For InterPride, Robyn has represented Region 20 on the Global Advisory Council and Co-Chairs the Human Rights and Diversity Committee and the Strategic Planning Committee. Over the last few years, Robyn has worked to better engage Region 20 in InterPride. In 2020, she established Oceania Pride which brings together the 20 countries of the region including those where homosexuality remains illegal.
- “Time to Shine”
- “Where Love Goes”
Kai Mata (she/her/hers)
Kai Mata is an Indonesian Singer-Songwriter with a modern, quirky-folk charm and a vulnerable lyricism that intertwine to cultivate connection. With an emphasis on truthful storytelling, her shows are not solely performance but also where audiences are invited into the world of sunlight to shadows.
Her 2018 debut album, Time to Shine, brought her folksy beats to tour in the U.S. She shared her experiences discovering adulthood and love, showcasing her songwriting as for her medium for expressive communication.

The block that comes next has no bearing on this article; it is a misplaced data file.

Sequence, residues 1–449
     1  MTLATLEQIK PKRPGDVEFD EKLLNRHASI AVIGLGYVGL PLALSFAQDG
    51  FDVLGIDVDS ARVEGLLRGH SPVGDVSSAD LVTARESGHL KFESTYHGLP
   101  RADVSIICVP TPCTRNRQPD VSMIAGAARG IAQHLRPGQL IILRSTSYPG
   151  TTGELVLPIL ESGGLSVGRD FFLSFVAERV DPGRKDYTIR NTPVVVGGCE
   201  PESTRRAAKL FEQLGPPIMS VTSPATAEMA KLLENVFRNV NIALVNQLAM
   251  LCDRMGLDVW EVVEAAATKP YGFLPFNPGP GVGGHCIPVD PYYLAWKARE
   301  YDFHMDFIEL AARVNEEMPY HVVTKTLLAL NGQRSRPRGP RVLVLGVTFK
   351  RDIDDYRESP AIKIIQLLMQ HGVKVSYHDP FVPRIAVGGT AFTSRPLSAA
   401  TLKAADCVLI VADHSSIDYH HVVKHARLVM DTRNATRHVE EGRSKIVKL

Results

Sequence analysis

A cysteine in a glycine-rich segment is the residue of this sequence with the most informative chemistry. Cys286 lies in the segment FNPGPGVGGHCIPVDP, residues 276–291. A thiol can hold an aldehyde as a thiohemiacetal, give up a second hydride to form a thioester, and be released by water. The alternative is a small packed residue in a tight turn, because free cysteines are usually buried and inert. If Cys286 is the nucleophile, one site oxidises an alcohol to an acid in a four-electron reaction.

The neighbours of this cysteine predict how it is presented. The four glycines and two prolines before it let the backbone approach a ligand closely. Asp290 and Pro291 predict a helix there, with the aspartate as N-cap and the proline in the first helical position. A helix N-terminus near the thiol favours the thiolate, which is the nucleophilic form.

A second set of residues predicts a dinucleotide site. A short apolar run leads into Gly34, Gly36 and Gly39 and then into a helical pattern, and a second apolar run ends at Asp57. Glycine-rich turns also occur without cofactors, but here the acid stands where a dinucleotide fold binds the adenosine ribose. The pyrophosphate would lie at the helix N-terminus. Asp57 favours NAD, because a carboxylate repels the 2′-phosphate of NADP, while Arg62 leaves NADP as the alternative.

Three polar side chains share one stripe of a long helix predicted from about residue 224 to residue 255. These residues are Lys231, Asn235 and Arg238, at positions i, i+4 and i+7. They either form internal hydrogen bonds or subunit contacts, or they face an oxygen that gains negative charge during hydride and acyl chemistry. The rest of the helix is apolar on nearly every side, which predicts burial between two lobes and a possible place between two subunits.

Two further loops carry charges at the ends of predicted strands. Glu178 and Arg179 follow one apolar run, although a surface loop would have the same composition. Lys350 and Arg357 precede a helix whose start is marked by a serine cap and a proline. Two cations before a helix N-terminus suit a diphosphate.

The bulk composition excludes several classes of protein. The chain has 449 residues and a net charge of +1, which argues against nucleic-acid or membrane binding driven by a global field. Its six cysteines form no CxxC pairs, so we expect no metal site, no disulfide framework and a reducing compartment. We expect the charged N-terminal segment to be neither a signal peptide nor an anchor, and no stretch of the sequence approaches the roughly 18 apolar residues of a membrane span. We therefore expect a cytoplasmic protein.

In 2019, she stepped into the role of a pioneer for the LGBTQ+ Community in Indonesia with her Pride Anthem, “So Hard,” a lighthearted, tongue-in-cheek song inviting respect for same-sex relationships and paying homage to synth-pop yet rooted in choral harmonies. Though her single and accompanying music video sparked national controversy and backlash, the support from international media and her inclusion in NYC World Pride 2019 carries her forward.
Since then, Kai Mata has opened for Indonesian pop-star Vidi Aldiano, performed at festivals and events worldwide (Ubud Readers & Writers, BaliSpirit, Sonic Bloom, Women’s March Bali), and has been launched into the spotlight as Indonesia’s openly LGBTQ+ Musician. Currently, she works on her second album, which holds presence by exploring new themes and genres while still anchored in her unifying message of love.
Music: “I am Me and More”